A Burns Lake artist will paint a picture for every 25 kilometres from Prince George to Haida Gwaii to raise money for programs that will help people with low income.
In total, Rene Jaspers hopes to put out 40 paintings by next October that will fund her Highway of Hope Foundation which hopes to empower people with low income. Jaspers hopes to sell each painting for $1,200, and this money will go towards her three-step plan to help people with low income.
Firstly, Jaspers plans to use the money to fund workshops on preventing violence.
“The prevention part includes the Society for Domestic Peace,” Jaspers said. “They’re in schools already, so they’re going to be doing the work for bringing the prevention message to [children as] young as Grade 3 on how to protect yourselves, whether in a vehicle or in a home, [and] how to deescalate anger.”
She also wants to fund driver’s education and vehicles so that people with low income can receive their full licence, and also to support people in rural communities to find affordable transportation so that they can get access to medical care and education.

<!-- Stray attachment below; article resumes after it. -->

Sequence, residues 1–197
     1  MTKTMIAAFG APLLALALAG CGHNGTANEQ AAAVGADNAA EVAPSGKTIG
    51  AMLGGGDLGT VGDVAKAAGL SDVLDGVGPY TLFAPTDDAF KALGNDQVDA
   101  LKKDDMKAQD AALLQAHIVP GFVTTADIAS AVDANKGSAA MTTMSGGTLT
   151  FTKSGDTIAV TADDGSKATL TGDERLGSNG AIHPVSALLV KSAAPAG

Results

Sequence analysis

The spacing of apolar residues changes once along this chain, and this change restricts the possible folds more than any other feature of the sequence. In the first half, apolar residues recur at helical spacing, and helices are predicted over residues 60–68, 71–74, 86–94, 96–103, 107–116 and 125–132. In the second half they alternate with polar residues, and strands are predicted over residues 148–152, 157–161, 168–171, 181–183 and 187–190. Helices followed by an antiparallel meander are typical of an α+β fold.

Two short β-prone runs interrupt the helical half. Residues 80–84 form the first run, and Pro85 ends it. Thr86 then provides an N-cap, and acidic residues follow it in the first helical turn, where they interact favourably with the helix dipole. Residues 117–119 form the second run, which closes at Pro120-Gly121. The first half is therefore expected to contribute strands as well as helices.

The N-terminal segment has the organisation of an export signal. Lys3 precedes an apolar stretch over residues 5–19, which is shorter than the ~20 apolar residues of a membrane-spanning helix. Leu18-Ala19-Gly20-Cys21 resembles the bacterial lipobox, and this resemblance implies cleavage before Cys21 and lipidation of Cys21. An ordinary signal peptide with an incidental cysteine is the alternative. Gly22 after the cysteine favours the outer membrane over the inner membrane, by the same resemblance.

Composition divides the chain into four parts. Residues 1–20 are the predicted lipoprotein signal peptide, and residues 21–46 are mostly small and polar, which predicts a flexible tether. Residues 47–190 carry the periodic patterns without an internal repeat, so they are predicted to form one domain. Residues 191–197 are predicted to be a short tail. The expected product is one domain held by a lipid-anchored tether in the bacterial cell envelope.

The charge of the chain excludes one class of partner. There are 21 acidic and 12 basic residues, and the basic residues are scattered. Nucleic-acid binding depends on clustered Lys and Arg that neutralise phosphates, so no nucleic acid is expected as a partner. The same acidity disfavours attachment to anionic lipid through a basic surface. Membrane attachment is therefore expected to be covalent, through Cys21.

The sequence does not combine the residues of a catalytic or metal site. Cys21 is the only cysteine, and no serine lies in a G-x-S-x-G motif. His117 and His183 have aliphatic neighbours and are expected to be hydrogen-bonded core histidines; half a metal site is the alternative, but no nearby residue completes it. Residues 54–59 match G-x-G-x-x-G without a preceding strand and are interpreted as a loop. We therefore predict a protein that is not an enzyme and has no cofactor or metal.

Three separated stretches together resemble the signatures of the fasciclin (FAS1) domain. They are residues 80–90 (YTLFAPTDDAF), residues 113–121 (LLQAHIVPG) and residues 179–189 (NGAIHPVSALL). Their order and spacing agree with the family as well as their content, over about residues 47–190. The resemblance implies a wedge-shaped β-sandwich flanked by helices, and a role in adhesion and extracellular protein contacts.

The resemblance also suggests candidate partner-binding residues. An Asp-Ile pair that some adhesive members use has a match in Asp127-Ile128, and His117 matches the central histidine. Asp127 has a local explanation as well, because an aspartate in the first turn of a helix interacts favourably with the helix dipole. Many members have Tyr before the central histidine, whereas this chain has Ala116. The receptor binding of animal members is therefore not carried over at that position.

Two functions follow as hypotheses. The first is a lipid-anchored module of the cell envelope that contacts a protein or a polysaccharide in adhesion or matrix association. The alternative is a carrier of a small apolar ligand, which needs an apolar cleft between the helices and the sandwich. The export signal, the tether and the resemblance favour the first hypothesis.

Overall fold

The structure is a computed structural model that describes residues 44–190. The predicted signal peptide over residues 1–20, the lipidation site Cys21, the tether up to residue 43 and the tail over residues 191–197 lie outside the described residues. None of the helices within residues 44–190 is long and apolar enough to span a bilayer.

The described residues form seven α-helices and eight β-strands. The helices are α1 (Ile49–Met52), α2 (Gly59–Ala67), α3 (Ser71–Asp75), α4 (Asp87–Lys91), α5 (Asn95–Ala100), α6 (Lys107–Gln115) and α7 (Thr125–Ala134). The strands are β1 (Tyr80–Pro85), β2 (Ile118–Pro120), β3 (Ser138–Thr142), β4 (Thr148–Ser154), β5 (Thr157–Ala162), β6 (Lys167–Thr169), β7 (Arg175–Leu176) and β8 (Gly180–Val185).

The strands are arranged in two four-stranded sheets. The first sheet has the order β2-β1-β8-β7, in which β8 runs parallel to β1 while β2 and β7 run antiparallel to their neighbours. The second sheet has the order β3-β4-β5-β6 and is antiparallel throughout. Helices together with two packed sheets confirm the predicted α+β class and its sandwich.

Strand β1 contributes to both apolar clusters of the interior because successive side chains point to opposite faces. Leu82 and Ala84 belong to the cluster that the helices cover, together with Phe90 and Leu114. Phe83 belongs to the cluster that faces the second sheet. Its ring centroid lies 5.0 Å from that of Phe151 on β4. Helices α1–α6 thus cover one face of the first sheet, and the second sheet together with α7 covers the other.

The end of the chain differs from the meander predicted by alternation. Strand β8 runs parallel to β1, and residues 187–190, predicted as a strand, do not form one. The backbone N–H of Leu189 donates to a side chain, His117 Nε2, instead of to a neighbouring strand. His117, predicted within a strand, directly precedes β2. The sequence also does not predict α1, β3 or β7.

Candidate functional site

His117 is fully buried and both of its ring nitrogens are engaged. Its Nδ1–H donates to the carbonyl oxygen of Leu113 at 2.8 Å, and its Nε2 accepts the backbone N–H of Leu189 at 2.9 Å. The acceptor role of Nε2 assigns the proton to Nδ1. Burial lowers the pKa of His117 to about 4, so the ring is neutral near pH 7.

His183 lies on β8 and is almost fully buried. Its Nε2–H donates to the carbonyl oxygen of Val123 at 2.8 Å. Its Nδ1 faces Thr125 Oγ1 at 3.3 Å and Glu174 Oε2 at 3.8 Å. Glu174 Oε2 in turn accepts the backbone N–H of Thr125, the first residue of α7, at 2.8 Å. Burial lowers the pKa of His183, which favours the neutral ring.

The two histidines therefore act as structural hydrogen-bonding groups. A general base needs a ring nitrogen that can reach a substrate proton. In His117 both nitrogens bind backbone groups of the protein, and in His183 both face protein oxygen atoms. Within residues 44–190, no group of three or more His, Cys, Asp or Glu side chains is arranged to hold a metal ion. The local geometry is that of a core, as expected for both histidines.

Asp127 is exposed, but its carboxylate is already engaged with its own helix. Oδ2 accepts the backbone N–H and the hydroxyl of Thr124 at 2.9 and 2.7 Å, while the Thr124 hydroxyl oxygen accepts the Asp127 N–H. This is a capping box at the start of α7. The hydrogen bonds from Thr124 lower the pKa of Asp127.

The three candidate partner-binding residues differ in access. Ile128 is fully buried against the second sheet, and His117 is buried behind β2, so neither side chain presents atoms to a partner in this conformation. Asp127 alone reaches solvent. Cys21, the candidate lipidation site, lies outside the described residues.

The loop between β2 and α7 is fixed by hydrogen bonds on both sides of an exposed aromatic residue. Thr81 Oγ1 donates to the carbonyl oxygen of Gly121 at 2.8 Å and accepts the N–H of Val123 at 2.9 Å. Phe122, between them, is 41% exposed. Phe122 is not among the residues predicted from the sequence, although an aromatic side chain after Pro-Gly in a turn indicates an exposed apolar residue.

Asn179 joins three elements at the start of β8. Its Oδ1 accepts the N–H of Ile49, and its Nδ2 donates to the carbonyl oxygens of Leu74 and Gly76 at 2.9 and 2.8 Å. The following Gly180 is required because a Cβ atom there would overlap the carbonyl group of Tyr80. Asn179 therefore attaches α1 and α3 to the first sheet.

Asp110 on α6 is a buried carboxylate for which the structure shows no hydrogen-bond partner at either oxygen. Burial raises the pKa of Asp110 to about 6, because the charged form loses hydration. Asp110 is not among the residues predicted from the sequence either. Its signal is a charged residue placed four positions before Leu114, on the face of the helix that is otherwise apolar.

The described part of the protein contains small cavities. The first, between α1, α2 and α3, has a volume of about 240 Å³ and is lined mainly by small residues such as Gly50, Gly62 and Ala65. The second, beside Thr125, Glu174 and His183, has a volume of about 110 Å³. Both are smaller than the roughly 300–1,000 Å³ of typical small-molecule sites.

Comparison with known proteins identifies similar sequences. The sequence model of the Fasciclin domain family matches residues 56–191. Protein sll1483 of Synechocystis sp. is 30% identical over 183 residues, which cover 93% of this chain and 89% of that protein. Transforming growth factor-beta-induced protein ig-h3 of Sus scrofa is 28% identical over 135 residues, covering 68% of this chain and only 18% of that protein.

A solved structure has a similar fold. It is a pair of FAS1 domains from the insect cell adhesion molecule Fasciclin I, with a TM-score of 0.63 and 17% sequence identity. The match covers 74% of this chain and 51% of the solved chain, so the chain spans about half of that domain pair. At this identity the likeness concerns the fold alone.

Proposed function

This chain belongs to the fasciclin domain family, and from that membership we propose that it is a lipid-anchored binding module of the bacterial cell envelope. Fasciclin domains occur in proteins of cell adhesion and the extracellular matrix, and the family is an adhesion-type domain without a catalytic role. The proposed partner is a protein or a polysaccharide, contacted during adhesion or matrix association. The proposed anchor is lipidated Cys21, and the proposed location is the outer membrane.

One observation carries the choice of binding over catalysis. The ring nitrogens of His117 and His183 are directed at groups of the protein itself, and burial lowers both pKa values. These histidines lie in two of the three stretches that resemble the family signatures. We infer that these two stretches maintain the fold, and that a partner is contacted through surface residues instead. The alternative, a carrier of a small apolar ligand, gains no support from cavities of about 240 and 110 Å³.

“I want to include everybody, and that includes seniors — seniors who can’t get around normally with a vehicle or can’t drive a vehicle anymore, I’d like to be able to get them to medical centres,” Jaspers said. “I’d like to be able to help young families that are also low income.”
“With teenagers, a lot of times [they] can’t afford it. A lot of families can’t afford [getting] their driver’s licence.”
Community organizations are rallying around Jaspers. She recently had her first painting of Houston’ North Road bridge on display at Western Financial Group’s mall office, and revealed that every Northwest Community College campus will put up an art show with her paintings.
“Having a purpose is important,” Jaspers said. “I’d like to say something with this too — to show people the beauty of our North, that there’s hope in our North.”
For every 25 kilometres from Prince George on Highway 16, she takes a photo within five paces of the vehicle and makes an oil painting out of the photo. She has currently photos of the highway all the way to Terrace, and will continue her project at a different time of the year such that her 40 paintings show the North in different seasons.
“I look to give everybody a better future. That’s my hope, and that’s where the “Highway of Hope” comes from,” Jaspers said. “Yes, it runs travels around the Highway of Tears. The Highway of Tears, I think, it’s very important, and we need to keep that in focus also.”
“The Highway of Tears has been around for 21 years and it’s a long time and people have been working at it very diligently — Brenda Wilson with her crew. And I think that’s very important and if I can help them too, I’m happy to.”